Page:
My horse’s eye has been running and she has been squinting. What are common eye problems in horses?
Eye problems in a horse should never be ignored, and as a horse owner it’s important to know the common signs of eye problems: squinting, tearing and changes in color. The eye is a complex organ and disease can occur in many areas. These clinical signs can be present with many ocular diseases involving both the globe itself and the surrounding tissues such as the eyelids and the conjunctiva.
With any eye problem, I would recommend an examination by your veterinarian; don’t wait to make an appointment. A simple eye exam will detect most common diseases, and if further tests are needed, a veterinary ophthalmologist can be brought in to help.
When presented with an eye problem, we like to examine the horse in low light. We inspect the bony casing around the eye, the eyelids, the cornea and look into the eye using an ophthalmoscope. If we are concerned about the cornea, we may use stains to look for damage to the eye surface, and in other cases, a tonometer can be used to measure the pressure within the eye.
In clinical practice, we commonly treat eyelid lacerations, conjunctivitis and minor scratches to the surface of the eye. In most cases, treatment is simple and the outcome excellent, but without rapid, appropriate therapy, these simple problems can quickly become severe. Bacterial and fungal infections can rapidly develop, prolong treatment and reduce the likelihood of a favorable prognosis. In South Florida, we have seen a rapid increase in the incidence of habronemiasis or ‘summer sores.’ This parasitic condition can also cause ocular disease, and I believe this will become an increasing problem in the United States.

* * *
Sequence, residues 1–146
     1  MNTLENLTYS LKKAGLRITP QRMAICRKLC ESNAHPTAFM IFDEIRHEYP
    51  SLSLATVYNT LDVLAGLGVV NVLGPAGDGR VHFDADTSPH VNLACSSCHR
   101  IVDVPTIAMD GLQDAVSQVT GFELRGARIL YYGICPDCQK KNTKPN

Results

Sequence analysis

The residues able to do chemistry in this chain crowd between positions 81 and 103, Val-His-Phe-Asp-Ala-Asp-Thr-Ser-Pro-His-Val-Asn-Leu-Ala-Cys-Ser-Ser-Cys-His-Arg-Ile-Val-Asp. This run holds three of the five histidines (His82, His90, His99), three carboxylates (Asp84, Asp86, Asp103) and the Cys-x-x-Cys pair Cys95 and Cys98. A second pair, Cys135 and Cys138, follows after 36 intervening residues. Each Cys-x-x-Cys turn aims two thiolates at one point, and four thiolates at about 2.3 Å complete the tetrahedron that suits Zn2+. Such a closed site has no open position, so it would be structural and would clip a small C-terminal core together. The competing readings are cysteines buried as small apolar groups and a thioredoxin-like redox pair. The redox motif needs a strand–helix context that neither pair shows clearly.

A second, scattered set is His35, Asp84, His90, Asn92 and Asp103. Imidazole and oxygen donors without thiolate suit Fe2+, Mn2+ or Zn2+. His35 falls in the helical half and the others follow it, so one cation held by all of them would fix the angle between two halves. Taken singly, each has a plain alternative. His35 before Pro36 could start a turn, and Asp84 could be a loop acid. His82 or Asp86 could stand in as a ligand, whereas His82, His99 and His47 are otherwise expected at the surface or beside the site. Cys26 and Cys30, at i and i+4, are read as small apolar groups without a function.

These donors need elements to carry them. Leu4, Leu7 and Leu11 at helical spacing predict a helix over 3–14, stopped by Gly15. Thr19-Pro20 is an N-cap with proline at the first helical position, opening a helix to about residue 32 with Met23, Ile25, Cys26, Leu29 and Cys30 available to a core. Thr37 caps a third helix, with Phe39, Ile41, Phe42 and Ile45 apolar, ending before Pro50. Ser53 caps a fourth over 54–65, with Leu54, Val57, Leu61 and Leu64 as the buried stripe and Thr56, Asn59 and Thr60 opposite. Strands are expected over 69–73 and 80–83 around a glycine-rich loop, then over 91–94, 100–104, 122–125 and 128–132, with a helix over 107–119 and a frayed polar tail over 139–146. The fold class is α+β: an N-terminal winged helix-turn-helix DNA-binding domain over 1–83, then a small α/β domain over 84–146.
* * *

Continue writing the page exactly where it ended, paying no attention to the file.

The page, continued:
Less common conditions of the equine eye include glaucoma, cataracts, uveitis and neoplasia. The clinical signs for these are often similar to the more common equine ocular diseases. Equine recurrent uveitis, commonly known as “moon blindness,” is a chronic inflammatory condition of the eye that will require ongoing treatment. These conditions often have similar presenting signs to the more routine eye problems. The take-home message should be that any eye problem should be treated as an emergency and immediately seen by a veterinarian.